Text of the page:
St Joan of Arc Catholic Primary School Haberfield have paid a touching tribute to a much-loved member of their community after the passing of pedestrian crossing controller, Joe Di Marti.

Mr Di Marti – who was the ‘Lollipop Man’ at the school’s Dalhousie Street crossing for 10 years – passed away on Sunday, 5 September, after a brave, long battle with illness.

Known for his love of Italian music, cars and his famous “Good morning sunshine” catchphrase, Mr Di Marti was a valued friend to many of the children and families at St Joan of Arc, as well as the local Haberfield community.

He would also attend Mass with the school, and would even join in by reading a Prayer of the Faithful or participating in the Offertory when asked.

One of their own

Mr Di Marti was laid to rest on Thursday, 9 September, and although funeral numbers were limited due to COVID-19, the students of St Joan of Arc still found a way to make their presence felt.

Joe Di Marti's funeral

The students’ photos decorated the pews at Mr Di Marti’s funeral

In a lovely gesture that was featured on Seven News, the pews of St Joan of Arc were adorned with photos of the students who would have otherwise been there to farewell one of their own.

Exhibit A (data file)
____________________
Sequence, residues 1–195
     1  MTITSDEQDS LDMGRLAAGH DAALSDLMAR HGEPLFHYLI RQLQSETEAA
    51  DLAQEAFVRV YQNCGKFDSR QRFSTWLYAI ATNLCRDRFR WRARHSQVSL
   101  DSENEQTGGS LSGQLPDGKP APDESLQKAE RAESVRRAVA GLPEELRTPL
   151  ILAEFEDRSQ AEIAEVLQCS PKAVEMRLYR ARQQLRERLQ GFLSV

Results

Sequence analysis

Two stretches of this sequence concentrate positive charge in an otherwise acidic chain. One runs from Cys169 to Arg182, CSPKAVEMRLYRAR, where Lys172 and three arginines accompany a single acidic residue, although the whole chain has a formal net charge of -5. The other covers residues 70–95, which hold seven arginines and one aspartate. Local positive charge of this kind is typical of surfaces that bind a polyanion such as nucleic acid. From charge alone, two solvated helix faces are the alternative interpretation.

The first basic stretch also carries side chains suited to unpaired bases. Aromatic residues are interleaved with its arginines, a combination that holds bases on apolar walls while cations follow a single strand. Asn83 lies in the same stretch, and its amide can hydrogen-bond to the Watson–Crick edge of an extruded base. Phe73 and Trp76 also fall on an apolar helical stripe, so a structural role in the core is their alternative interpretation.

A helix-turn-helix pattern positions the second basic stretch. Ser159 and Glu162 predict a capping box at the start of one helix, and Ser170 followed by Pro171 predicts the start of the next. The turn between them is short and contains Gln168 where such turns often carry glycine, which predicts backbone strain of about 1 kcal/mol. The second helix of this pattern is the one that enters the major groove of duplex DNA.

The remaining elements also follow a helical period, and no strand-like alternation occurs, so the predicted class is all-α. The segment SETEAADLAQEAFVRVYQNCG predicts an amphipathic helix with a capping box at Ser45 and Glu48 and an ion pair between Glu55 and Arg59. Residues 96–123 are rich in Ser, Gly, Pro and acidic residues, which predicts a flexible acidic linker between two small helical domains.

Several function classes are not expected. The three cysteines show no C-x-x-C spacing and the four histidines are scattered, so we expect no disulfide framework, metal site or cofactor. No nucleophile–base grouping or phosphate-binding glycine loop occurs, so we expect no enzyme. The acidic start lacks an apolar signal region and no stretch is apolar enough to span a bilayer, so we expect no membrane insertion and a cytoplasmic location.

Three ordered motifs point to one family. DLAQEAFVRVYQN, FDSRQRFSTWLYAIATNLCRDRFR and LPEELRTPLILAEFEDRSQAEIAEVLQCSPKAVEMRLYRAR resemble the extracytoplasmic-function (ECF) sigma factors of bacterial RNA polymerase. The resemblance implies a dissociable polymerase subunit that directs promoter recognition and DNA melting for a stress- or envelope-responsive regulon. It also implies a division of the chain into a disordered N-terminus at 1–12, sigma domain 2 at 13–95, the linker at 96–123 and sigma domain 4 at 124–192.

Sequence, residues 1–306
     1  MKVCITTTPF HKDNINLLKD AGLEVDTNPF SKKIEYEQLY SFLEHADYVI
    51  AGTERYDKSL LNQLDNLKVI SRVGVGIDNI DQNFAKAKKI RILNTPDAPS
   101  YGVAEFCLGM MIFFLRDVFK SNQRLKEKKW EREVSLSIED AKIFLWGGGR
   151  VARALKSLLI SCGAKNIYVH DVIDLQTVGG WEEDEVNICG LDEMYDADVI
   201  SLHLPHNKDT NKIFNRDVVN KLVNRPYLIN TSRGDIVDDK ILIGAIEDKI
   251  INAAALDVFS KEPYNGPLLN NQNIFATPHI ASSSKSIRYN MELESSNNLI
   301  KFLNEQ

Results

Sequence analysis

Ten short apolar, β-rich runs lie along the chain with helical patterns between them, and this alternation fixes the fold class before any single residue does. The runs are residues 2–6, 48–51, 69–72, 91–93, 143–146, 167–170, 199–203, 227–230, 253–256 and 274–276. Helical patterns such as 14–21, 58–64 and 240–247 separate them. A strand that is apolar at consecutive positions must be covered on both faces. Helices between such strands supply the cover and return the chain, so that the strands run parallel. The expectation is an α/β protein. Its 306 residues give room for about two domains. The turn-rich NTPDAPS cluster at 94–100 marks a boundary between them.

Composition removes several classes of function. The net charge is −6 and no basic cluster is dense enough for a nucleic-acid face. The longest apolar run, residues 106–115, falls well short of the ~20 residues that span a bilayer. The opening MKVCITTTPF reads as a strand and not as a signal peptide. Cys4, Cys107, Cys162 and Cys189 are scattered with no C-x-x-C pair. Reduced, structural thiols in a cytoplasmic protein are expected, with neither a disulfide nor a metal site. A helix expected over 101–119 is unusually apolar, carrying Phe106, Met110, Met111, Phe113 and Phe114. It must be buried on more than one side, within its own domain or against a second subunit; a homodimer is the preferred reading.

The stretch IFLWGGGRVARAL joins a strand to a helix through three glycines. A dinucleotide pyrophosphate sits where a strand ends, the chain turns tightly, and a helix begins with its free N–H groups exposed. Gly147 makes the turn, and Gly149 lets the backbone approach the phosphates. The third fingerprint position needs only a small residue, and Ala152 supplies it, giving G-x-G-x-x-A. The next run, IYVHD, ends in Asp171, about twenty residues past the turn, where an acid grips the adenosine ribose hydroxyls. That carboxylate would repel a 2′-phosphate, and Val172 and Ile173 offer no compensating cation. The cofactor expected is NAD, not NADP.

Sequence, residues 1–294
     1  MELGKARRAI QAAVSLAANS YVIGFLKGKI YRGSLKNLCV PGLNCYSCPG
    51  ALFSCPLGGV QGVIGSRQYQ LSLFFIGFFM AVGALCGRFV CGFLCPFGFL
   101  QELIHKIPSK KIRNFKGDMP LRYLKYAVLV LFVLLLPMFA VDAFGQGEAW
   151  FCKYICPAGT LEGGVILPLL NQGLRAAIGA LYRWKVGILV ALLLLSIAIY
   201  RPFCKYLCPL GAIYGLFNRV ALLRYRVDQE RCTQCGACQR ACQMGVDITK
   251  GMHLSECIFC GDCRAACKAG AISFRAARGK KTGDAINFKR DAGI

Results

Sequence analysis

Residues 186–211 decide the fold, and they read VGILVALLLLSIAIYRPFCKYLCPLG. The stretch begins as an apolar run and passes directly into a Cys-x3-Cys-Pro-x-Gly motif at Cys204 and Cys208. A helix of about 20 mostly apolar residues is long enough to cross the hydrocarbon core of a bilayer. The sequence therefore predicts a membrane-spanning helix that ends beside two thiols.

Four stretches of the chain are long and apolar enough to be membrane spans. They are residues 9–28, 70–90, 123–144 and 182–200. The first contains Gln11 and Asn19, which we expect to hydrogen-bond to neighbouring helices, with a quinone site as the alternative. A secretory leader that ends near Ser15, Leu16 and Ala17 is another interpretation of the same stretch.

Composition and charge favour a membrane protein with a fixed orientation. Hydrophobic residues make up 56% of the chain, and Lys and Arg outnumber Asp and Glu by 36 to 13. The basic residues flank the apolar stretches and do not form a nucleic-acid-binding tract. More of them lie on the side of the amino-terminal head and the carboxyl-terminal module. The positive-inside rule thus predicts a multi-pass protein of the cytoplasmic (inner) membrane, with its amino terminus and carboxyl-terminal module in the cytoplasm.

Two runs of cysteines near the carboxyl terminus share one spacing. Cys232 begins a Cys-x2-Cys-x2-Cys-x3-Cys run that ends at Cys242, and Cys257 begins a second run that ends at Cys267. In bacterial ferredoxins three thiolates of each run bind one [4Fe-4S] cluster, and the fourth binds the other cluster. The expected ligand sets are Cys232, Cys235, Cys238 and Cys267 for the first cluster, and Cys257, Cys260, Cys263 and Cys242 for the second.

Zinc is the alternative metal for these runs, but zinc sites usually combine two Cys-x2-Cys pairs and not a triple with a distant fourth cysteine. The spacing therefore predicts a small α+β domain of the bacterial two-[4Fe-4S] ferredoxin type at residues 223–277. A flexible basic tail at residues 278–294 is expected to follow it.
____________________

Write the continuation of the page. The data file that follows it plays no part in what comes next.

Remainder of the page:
The photos had been decorated personally by each student, helping to give Mr Di Marti the colourful send-off he deserved.

Jacky Guardascione, Religious Education Coordinator at St Joan of Arc, said Mr Di Marti was a special member of the school community.

Joe Di Marti's hat with flowers

Mr Di Marti’s trademark wide-brimmed hat

“I just know that if there were no restrictions, the church would have been overflowing – he was very much part of the family,” Mrs Guardascione said.

“He was there everyday and was really engaging with our students and parents.

“He was a very determined man – he would say that being at the crossing was the most important part of his day and that despite his health he needed to make sure he was there for us” – Jacky Guardascione

A friend to all

In what is proof of the wide-reaching impact Mr Di Marti had, more than eight pages of messages from the school community have been collected in an online book of condolences.

Staff, parents, students and members of the local community all thanked Mr Di Marti for keeping them safe and brightening their days.

Mr Di Marti manned the Dalhousie Street crossing for a decade

“We are so sad to hear Joe has passed – a part of the community that is St Joan of Arc will now be missing,” wrote the Feliciotto family.

“Thank you for always bringing a smile to our faces, Joe – every morning and afternoon, without fail” – the Edwards family

“You were the true ‘sunshine’ that shone upon that crossing and we will always remember you,” wrote the De Pasquale family.

Those wishing to honour the memory of Mr Di Marti are able to make a donation to the Foundation For A Bloody Great Cause, with all funds going towards the world-leading blood cancer clinical trials at Concord Hospital.

May he rest in peace.